R.R. Rastogi, J.
1. This bunch of writ petitions can be conveniently taken up and disposed of together. These petitions seek to challenge the notice dated 21st July, 1977, issued by the Sales Tax Officer, Sector II, Budaun, in respect of the assessment years 1973-74 to 1977-78 for initiating penalty proceedings under Section 15-A(1)(a) of the U. P. Sales Tax Act, hereafter 'the Act'.
2. The facts set out in the petitions are almost similar. We would set out the facts contained in Writ Petition No. 333 of 1977. Petitioner No. 1, M/s. Deep Chand Goyal, Babrala, Budaun, is a registered firm of which petitioner No. 2, Deep Chand Goyal, is one of the partners. This firm is engaged in carrying on business in purchase and sale of binaula, which is a cotton seed. The turnover in respect of sales of cotton seed had been exempted under Section 4 of the Act. But, by means of Notification No. ST II-2526/X--6(8)-73 dated 1st May, 1973, issued under Section 3-D of the Act, oil-seeds had been made liable to tax at the point of first purchase. For the assessment year 1973-74 the Sales Tax Officer, Sector II, Budaun, respondent No. 1, exempted the turnover of cotton seed sold by the petitioner. However, on 21st July, 1977, he issued a notice under Section 15-A (1)(a) of the Act requiring the petitioners to show cause as to why penalty should not be imposed for not depositing the tax on the turnover of cotton seed in view of the notification aforesaid. This notice has been issued for the assessment years 1973-74 to 1977-78. The petitioners challenged this notice, inter alia, on the grounds that since the turnover in respect of binaula stood exempted under Section 4 of the Act, the petitioners were not required to deposit any tax in respect thereof and respondent No. 1 had no jurisdiction to initiate penalty proceedings under Section 15-A(1)(a) of the Act. Another ground, on which the notice has been challenged, is that a single notice for the assessment years 1973-74 to 1977-78 is illegal and bad.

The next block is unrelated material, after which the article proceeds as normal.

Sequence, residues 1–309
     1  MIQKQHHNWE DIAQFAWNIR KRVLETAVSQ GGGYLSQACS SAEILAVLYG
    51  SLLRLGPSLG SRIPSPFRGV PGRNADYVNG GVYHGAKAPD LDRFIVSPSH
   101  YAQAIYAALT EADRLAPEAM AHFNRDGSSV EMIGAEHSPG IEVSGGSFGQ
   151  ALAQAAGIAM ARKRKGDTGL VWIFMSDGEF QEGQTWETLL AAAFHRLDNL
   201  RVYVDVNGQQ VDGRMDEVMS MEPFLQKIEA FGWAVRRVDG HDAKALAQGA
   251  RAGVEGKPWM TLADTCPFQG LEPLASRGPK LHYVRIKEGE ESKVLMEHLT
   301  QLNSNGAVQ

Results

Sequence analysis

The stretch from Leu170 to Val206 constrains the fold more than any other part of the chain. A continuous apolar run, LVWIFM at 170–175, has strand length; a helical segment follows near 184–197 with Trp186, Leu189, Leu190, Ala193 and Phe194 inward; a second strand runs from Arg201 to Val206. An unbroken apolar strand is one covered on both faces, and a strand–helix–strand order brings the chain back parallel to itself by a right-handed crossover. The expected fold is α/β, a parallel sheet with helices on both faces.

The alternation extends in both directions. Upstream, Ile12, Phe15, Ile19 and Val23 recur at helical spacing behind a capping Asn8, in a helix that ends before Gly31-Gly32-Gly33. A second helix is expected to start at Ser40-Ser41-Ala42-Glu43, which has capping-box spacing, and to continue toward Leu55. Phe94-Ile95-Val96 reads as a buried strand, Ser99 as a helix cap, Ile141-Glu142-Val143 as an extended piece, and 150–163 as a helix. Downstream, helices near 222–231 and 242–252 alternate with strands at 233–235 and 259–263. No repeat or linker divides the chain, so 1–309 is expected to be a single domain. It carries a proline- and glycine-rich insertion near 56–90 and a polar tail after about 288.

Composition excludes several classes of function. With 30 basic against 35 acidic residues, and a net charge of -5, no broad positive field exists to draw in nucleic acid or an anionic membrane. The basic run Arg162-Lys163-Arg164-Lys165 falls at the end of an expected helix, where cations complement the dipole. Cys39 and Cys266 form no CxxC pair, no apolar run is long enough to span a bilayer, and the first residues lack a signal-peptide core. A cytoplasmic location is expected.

3. A counter-affidavit has been filed on behalf of the respondents in which by reference to the various notifications it has been sought to make out that the turnover in respect of sales of cotton seed was exempt up to 30th April, 1973. Thereafter from 1st May, 1973, to 4th April, 1975, the sales were exempt but first purchases were taxable at 3 per cent under Section 3-D of the Act. The same position continued up to 1st October, 1975, and thereafter from 2nd October, 1975, to 31st January, 1978, the turnover of sales of cotton seeds was made taxable at 4 per cent and thereafter up till now again purchase tax is payable at 4 per cent. It is thus claimed that the impugned notice was legal and valid.